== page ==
By Ben Kamisar
A civil rights group led by the Rev. Al Sharpton is launching a hunger strike to protest the delay in Attorney General nominee Loretta Lynch’s confirmation.
“These outstanding women leaders are taking an exemplary moral stand that should shake the conscience of the nation as to how unfairly this qualified woman is being treated by Senate leadership,” Sharpton said in a statement.
“As long as the Senate refuses to take fifteen minutes to confirm someone for Attorney General that they have already confirmed twice for U.S. Attorney, NAN and our allies will do everything in our power to draw attention to this completely unfair and unnecessary delay to vote to confirm Loretta Lynch.”
The National Action Network will also start a letter-writing campaign and head to congressional offices to encourage support for Lynch.
If confirmed, Lynch would be the first black female attorney general in American history.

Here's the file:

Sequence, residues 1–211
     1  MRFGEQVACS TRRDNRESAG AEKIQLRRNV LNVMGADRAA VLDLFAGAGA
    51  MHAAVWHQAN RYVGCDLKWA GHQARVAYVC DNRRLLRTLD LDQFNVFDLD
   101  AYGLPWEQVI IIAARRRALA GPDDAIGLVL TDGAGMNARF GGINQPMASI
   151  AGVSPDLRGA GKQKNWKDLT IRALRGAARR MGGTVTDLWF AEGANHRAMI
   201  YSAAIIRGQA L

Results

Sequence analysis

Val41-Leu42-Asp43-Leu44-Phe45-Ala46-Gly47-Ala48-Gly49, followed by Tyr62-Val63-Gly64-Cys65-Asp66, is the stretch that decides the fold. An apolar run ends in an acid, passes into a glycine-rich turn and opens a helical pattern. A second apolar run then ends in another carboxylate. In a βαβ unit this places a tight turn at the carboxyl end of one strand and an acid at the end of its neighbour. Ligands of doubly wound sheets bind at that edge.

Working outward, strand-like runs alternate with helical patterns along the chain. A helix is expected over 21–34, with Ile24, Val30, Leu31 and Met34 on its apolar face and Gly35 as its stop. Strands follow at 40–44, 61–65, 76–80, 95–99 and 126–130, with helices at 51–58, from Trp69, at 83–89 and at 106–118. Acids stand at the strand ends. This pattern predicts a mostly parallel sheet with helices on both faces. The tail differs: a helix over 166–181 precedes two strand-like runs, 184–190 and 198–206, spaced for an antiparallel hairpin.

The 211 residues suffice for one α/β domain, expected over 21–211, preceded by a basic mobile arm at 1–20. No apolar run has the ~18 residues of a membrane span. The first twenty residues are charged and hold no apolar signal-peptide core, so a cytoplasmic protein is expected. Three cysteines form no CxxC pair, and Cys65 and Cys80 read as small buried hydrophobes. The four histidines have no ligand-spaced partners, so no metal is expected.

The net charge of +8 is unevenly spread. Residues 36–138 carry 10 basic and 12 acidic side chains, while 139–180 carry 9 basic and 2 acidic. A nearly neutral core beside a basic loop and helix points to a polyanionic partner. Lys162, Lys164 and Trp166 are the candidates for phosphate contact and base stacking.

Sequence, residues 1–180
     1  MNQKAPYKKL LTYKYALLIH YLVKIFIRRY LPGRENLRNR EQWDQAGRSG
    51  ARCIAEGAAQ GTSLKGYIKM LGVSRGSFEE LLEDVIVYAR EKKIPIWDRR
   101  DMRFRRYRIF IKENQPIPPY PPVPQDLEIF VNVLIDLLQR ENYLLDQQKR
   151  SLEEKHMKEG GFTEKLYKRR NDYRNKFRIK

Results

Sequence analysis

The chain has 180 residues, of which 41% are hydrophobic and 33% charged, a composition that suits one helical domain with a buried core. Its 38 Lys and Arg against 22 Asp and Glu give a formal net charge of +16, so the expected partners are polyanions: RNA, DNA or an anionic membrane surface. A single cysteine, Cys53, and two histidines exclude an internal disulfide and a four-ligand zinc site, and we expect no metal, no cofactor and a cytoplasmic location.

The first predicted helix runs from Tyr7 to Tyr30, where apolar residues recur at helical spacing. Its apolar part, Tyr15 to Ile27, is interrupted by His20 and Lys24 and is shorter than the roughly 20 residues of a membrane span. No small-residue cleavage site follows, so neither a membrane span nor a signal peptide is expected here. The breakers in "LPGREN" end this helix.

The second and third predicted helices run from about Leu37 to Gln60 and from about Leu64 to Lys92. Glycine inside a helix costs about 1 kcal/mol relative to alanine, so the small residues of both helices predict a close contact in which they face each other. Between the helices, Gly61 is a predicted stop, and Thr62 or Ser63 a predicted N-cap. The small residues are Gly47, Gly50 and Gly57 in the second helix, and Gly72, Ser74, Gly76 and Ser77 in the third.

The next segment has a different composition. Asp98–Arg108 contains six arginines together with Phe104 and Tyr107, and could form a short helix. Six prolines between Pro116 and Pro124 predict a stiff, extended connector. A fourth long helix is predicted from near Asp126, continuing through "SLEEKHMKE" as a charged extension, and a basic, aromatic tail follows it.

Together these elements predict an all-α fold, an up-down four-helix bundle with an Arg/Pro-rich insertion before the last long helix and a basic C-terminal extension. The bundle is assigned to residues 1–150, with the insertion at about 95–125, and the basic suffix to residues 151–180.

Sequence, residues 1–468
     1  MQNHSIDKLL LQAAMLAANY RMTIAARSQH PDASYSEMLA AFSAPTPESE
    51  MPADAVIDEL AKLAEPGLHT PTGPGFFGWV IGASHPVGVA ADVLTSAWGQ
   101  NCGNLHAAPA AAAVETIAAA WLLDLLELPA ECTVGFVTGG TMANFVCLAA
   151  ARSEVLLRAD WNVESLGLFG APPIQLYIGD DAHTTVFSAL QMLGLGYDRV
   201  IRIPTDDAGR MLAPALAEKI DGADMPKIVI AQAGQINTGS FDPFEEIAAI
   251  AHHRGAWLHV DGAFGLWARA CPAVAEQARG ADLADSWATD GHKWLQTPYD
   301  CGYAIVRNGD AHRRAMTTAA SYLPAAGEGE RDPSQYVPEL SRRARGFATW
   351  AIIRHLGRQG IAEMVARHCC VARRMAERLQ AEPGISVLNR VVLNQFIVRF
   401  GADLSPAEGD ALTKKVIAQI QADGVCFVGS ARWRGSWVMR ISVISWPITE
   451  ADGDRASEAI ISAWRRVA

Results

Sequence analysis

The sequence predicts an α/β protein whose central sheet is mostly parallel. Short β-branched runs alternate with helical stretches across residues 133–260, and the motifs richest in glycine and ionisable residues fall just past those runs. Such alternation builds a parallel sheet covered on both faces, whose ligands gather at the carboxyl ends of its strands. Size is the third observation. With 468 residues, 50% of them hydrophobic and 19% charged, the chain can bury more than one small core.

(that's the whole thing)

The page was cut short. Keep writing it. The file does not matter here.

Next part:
Democratic lawmakers have panned the delay by Republicans, with Minority Leader Harry Reid (D-Nev.) taking to the Senate floor on Tuesday to lament that Lynch has spent more than 150 days without a full confirmation hearing.
But Republican leadership has said that it would bring up the Lynch nomination once the body passes a bill addressing human trafficking, which has been stalled by Democrats over concerns that it expands anti-abortion language.
Even if Lynch is given a confirmation vote, she’s expected to face one of the closet votes in years. A whip list compiled by The Hill shows only five Republican senators plan to support her. If the 46 Democrats and Independents don’t waver with their support, she’d pass by just one vote.